Redingote

AKA: pelisse-robe, riding coat

How to say it: red-in-gote

Traditional Features: 

body template

  • princess cut
  • closes at waist, either with fastenings or with a belt/sash
  • can be cut away at the front
  • often part of an ensemble with a matching dress
  • fitted through the body
  • knee length, often just shorter than the dress underneath

Origins…

…of the style: Over the years the Redingote has had many incarnations. In 1725 it was a men’s full overcoat with a large collar that was worn for riding. in the 1790s this style was adopted for women – it was made from lighter fabrics and was worn as part of an outfit, rather than as an overcoat.

In 1830 it was a men’s military style greatcoat, made from navy cloth, with a fur collar and closed with frog fastenings. This incarnation was also called a polonaise.

From the 1820’s it was a variation of the pelisse robe, and was essentially a dress that looked like a coat. This style was quite popular from 1835 to 1860s. In the late 1840s, the name Redingote replaced the name pelisse robe.

In the 1890s, the Redingote took on its final incarnation – a long fitted coat, usually cut in the princess style with a fastening at the waist and often cut away at the top to reveal the dress underneath.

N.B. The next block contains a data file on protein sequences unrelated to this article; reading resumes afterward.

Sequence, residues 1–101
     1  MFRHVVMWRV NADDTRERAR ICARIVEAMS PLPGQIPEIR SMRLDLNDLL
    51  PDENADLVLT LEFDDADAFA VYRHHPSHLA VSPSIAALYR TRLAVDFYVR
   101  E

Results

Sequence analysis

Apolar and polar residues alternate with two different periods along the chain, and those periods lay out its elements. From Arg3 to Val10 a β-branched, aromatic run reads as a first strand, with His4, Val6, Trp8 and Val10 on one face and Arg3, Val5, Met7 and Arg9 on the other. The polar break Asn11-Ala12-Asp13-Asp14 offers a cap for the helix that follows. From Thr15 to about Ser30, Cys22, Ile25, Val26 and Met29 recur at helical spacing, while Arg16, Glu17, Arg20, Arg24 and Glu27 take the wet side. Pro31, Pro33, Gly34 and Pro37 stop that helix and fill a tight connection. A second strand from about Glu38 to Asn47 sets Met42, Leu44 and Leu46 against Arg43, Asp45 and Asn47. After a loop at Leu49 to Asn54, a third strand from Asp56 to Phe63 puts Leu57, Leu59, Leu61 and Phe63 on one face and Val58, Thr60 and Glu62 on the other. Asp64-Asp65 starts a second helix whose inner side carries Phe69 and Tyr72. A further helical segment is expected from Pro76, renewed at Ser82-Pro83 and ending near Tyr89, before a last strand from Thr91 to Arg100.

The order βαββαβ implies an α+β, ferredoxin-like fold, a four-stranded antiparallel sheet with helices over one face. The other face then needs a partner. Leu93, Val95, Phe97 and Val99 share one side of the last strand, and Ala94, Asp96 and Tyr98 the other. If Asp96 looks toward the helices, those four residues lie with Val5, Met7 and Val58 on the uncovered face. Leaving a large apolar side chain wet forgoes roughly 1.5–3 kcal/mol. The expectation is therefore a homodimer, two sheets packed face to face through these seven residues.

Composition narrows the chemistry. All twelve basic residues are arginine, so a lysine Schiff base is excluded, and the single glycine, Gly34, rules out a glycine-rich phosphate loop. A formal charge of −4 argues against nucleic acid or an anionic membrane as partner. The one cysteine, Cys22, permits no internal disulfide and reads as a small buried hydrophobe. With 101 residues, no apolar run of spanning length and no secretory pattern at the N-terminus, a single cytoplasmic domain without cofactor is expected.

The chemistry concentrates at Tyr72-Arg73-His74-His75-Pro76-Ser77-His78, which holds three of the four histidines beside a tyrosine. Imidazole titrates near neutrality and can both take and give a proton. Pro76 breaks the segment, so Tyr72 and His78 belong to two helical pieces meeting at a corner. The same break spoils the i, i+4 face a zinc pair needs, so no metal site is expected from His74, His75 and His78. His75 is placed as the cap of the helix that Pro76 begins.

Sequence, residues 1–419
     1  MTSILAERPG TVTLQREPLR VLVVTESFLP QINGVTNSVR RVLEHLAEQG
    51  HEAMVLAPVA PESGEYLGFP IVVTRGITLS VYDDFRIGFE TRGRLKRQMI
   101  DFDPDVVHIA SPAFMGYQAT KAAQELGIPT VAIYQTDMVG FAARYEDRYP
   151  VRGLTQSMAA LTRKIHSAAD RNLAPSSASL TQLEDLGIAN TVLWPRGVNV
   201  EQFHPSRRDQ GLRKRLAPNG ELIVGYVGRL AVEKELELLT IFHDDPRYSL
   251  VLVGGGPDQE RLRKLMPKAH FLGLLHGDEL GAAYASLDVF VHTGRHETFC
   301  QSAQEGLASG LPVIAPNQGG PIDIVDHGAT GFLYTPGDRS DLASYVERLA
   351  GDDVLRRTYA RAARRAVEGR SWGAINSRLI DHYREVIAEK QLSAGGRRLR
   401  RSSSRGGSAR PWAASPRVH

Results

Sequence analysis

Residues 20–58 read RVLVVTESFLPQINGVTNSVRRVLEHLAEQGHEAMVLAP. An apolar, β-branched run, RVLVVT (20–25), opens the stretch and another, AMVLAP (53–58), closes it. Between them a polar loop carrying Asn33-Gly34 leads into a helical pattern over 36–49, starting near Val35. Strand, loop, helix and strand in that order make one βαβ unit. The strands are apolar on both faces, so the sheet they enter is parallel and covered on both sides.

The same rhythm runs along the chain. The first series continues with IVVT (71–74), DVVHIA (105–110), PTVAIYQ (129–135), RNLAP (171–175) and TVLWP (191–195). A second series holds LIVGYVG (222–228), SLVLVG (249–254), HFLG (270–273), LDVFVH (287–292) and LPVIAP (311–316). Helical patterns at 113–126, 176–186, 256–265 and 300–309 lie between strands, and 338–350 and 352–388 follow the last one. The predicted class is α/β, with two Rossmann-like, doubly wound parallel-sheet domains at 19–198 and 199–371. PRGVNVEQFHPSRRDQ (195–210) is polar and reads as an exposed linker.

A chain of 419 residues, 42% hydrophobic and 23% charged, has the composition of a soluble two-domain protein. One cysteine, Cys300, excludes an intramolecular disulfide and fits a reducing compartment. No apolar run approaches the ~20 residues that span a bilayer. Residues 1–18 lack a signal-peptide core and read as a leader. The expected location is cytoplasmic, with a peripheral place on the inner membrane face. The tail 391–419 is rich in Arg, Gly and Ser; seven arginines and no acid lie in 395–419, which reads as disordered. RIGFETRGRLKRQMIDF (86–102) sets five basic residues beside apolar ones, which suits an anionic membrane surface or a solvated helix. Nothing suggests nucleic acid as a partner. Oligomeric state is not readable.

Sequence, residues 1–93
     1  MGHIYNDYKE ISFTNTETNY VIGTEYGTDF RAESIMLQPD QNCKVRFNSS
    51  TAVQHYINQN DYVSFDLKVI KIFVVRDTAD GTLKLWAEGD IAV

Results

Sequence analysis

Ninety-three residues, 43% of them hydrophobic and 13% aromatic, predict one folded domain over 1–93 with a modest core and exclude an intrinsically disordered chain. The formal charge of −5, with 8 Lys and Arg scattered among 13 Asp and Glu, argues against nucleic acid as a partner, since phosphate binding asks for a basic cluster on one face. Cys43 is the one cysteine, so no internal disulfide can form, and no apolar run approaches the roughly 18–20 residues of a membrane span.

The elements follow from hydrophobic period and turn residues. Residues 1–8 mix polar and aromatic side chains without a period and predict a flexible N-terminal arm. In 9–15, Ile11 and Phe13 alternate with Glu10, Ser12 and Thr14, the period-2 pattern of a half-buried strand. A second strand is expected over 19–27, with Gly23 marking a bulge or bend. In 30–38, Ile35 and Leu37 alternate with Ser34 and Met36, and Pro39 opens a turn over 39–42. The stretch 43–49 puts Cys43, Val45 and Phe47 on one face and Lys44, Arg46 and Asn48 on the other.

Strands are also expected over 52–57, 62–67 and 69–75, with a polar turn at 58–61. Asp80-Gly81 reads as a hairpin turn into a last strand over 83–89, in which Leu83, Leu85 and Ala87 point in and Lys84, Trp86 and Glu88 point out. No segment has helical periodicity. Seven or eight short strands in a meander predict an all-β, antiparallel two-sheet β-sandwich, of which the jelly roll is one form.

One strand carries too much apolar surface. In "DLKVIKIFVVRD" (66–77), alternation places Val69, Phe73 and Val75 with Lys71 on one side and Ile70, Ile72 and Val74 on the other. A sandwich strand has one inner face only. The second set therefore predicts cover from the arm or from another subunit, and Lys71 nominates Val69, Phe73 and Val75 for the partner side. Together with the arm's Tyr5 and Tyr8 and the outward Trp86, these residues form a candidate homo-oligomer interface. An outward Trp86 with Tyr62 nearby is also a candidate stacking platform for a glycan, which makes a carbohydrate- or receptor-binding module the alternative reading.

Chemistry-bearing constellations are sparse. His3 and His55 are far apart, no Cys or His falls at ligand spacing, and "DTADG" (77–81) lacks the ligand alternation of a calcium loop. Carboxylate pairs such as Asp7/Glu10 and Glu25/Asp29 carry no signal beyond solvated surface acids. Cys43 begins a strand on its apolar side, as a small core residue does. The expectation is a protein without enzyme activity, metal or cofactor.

…of the name: Redingote is a corruption of the english term “riding coat”

For a more info on the Redingote, try Wikipedia, the Fairchilds Dictionary of Fashion, or A Dictionary of Costume and Fashion (Mary Brooks Picken)

21st Century Redingotes

The traditional Redingote has fallen about out of fashion these days, however it is often used by modern designers for inspiration. As such, modern fashion journalists and bloggers tend to use the term for any kind of coat that slightly resembles what a Redingote used to be. These were the best examples of true, modern Redingotes that I could find…

Chanel 3 Jean Paul Gaultier Nina Ricci Revillion

Top Row – Chanel, Jean Paul Gaultier

Bottom Row – Nina Ricci, Revillion

 

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